What’s Your Color Personality?

Discover the psychological meaning behind your preference for green, yellow, orange, red, purple or blue decor.

A colorful apartment in Boston’s Back Bay by Frank Roop Design Interiors (photo by Eric Roth).

Color is a powerful tool that has been known to affect our emotions and behavior. Advocates of color psychology believe that the colors we use to decorate our homes are not just a matter of aesthetics but are also reflections of our personalities.

For instance, people who gravitate toward warm tones tend to be more outgoing and enjoy connecting with others. Colors like red, yellow and orange are usually better suited for the kitchen, living room and dining room because they are thought to stimulate conversation.

On the other end of the spectrum, blues, greens and lavenders are known for their relaxing and soothing effects. They convey a sense of freshness and rejuvenation. These colors are wonderful for the bedroom, bathroom and home office. Individuals who prefer cool tones are generally soft-spoken and introspective.

So what does your proclivity toward certain shades say about you?


Clockwise from top: The living room of a New York duplex by Doug Meyer Studio (photo by Mark Roskams); postmodern lamp, 1980s; Texcoco; woven pillow, early 20th century; Milo Baughman armchair, 1970s; woven pillow, early 20th century.

People who choose red embrace their fiery side and seek excitement in their lives. They are the daredevils and thrill-seekers of this world. They are warm and passionate, but also a little impulsive. Due to its aggressive nature, red usually works best as an accent color.


Left: The dining room of a Tribeca, New York, townhouse by Sara Gilbane Interiors (photo by Zach DeSart). Right: Art Deco side chair, early 20th century.

If you are attracted to orange tones, then your personality radiates energy and vitality. You are the social butterfly, the nurturer, the conversation starter. You are a cheerful person who appreciates the company of others and has a knack for entertaining. To arouse your appetite, add some pumpkin-orange or tangerine furnishings to your dining room.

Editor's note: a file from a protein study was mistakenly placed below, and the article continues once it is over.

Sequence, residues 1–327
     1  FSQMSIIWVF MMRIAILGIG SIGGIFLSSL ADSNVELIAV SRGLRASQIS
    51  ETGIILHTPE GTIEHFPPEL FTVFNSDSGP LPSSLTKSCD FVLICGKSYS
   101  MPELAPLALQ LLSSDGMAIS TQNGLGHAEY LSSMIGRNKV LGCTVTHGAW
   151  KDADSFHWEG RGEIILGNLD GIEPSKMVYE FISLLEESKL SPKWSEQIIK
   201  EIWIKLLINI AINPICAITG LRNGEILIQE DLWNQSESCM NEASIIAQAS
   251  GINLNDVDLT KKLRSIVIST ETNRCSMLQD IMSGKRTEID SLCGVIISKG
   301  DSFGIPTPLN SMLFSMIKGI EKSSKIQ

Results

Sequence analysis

Top: The kitchen of a country house in Monlaur, France, by Samantha Todhunter Design (photo by Oliver Clarke). Bottom: Cathrineholm Lotus-pattern bowls, 1960s.

Associated with sunshine and roaring fires, yellow is uplifting and provides an expansive feeling. Those of you who identify with the color yellow, are typically optimistic — always looking on the bright side of life. For a cozy kitchen with lots of natural wood, paint your walls a buttery yellow.


Clockwise from top: The bathroom of Petit Trois restaurant in Los Angeles by Hancock Design (photo by Chris Patey); Henredon campaign chest, 1960s; Fontana Arte towel racks, 1990s; filigreed pendant lights, 1920s.

Blue is for those with a gentle and compassionate demeanor. If you are drawn to the color blue, then you are a dependable and trustworthy person who values peace and harmony in your everyday life. A light blue can be a lovely choice for a serene, Mediterranean-style bathroom.


Left: The office and study of a flat in London’s Holland Park by Beata Heuman (photo by Graham Atkins Hughes). Right: Johannes Andersen armchair in Nanna Ditzel fabric, 1965.

Those who are fond of green are practical and down to earth. They are the advice-givers and thrive on helping others. They enjoy the great outdoors and reconnecting with nature. Mixing paler shades of green with wood tones will give your office an organic, natural feel.


Clockwise from top: The living room of a townhouse by Fox-Nahem Associates (photo by Pieter Estersohn); CF Modern Twenty Twenty bench, new; Persian rug, 2000.

Purple is for the witty and highly individualistic personalities who prosper in creative environments. They have a strong desire to be unique and tend to march to the beat of their own drum. Lavender walls and deep purple accents will add a dramatic flair to your living room.

Loading next story…

No more stories to load; check out Introspective Magazine.

No more stories to load; check out Introspective Magazine.